Thursday, January 16, 2003
Lie detector ruled outBy KEVIN MARTIN -- Sun Media
CALGARY -- A dad who says he has been falsely accused of sexual abuse can't use polygraph results to gain a favourable psychological report in a custody battle, a judge said yesterday.
Justice Rosemary Nation granted an application by the lawyer for the man's ex-wife to exclude the findings of a lie detector test during a court-ordered assessment.
Nation agreed with lawyer Max Blitt that the results were inadmissible because they amounted to "oath helping" to bolster the credibility of the dad.
The father, who can't be identified, had filed an affidavit from a retired RCMP polygraph examiner which said the dad was truthful when he denied molesting his now five-year-old daughter.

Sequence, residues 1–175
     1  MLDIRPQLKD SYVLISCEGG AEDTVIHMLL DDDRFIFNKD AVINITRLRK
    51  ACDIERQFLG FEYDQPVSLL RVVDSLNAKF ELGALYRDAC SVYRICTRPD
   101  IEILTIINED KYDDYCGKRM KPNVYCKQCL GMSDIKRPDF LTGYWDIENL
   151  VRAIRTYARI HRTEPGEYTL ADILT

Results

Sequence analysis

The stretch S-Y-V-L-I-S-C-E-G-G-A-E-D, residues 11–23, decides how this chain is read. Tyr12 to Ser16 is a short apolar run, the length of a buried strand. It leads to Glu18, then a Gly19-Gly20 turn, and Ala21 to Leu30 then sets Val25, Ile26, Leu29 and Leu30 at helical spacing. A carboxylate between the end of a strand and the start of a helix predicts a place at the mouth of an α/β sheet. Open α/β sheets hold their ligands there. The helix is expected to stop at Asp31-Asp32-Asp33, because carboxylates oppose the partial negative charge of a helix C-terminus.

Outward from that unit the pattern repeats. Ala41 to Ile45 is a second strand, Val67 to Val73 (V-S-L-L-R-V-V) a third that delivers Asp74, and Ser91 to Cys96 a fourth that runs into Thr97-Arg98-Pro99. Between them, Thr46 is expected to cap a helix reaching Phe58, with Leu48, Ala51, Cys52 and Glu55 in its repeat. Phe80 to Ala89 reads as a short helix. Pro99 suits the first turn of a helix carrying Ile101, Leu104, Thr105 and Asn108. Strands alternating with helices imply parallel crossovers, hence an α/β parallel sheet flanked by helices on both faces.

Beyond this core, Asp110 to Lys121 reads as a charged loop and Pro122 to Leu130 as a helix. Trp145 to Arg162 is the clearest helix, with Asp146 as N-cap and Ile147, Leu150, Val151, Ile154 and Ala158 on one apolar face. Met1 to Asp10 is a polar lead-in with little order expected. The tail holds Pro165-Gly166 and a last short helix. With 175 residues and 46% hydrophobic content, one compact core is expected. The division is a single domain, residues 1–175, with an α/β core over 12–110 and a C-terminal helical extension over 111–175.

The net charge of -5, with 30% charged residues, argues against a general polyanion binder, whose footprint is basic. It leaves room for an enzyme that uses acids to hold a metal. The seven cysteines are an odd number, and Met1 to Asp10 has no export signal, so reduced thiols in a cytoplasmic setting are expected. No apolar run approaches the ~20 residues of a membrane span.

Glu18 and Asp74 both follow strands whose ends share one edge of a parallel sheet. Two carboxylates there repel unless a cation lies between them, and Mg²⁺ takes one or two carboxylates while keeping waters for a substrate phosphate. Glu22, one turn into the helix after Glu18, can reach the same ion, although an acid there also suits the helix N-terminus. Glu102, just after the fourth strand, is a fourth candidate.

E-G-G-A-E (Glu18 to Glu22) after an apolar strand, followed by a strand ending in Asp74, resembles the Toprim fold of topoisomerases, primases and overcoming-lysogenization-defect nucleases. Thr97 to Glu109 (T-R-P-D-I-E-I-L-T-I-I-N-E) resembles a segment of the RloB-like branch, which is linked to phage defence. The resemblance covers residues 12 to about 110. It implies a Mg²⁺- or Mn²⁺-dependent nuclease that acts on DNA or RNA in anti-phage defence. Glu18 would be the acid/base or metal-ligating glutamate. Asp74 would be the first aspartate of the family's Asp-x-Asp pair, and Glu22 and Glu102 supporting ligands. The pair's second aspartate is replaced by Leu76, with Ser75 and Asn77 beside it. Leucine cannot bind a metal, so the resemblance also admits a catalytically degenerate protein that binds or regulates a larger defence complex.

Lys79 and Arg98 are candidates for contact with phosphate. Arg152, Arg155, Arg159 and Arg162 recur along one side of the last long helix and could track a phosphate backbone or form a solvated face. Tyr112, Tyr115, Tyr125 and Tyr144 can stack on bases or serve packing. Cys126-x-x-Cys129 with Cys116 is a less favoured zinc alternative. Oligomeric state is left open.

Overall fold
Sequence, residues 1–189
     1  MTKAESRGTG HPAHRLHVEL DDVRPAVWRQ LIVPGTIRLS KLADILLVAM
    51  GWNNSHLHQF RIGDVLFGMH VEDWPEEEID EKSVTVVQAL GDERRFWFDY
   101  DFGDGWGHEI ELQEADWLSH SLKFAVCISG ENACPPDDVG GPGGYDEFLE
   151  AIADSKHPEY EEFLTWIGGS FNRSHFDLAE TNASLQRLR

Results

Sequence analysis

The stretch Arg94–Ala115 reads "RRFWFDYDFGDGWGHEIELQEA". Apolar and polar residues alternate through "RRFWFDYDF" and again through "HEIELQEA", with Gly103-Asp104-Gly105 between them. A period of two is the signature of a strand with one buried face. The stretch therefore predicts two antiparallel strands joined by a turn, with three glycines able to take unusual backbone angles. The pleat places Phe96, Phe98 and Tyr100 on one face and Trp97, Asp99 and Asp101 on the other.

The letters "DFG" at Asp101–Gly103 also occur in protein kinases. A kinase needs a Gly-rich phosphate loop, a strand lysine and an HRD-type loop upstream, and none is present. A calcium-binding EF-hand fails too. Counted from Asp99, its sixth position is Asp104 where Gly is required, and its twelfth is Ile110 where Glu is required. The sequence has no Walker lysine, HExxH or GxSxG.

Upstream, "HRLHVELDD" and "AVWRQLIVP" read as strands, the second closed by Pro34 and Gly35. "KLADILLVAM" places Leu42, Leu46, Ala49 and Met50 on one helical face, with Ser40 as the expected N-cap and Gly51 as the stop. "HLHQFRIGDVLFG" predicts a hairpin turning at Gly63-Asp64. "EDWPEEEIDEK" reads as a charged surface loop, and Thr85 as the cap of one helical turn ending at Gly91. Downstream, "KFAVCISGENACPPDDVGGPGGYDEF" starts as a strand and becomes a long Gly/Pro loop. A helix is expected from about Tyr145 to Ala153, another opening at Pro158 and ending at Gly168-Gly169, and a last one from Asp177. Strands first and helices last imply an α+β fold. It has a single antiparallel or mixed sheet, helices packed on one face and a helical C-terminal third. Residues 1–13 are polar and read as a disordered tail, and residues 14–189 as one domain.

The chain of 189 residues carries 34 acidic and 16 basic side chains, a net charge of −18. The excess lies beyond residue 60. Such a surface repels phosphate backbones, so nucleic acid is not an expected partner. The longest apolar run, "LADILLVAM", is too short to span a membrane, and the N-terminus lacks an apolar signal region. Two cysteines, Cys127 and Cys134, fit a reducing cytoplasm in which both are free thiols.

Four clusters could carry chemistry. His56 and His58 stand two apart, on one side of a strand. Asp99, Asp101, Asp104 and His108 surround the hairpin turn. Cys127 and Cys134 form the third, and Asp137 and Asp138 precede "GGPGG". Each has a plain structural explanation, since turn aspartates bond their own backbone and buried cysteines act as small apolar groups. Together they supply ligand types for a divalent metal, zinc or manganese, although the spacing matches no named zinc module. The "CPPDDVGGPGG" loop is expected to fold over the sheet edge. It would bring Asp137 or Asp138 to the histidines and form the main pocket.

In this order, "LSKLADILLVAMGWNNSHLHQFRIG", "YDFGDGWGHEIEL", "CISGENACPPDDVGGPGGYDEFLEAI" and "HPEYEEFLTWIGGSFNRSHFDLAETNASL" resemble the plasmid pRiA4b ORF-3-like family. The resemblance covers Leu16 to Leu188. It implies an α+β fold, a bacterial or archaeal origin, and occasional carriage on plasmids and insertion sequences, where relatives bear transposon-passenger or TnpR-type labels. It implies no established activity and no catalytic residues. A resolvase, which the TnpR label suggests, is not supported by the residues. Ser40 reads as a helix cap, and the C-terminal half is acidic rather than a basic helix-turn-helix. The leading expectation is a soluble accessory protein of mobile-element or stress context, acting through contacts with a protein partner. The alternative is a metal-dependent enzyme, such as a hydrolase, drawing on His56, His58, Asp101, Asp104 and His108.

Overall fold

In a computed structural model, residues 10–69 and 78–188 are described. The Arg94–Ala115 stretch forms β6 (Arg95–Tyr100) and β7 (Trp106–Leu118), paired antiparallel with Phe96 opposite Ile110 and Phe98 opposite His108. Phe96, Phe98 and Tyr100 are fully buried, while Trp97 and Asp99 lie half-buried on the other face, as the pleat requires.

But Nation said a psychologist appointed to prepare a report on both parents should not view the affidavit when he reviews the court file.
"It does cause me some concerns that the polygraph results are on the file and they would be reviewed by the expert," Nation said.
"The (lie detector) findings will be hotly contested at trial," she said. "The admissibility of that evidence is in issue."
Nation said the expert can be told the father volunteered to take a polygraph exam, but the results should not be given to the psychologist.
Louise Malenfant, a self-proclaimed family advocate with the group Parents Helping Parents, said she was disappointed the findings would not be viewed by the expert.
"Forensic psychologists wrote the book on polygraphs," she said outside court. "It's only one piece of evidence," said Malenfant, who has been assisting the father in preparing his case.
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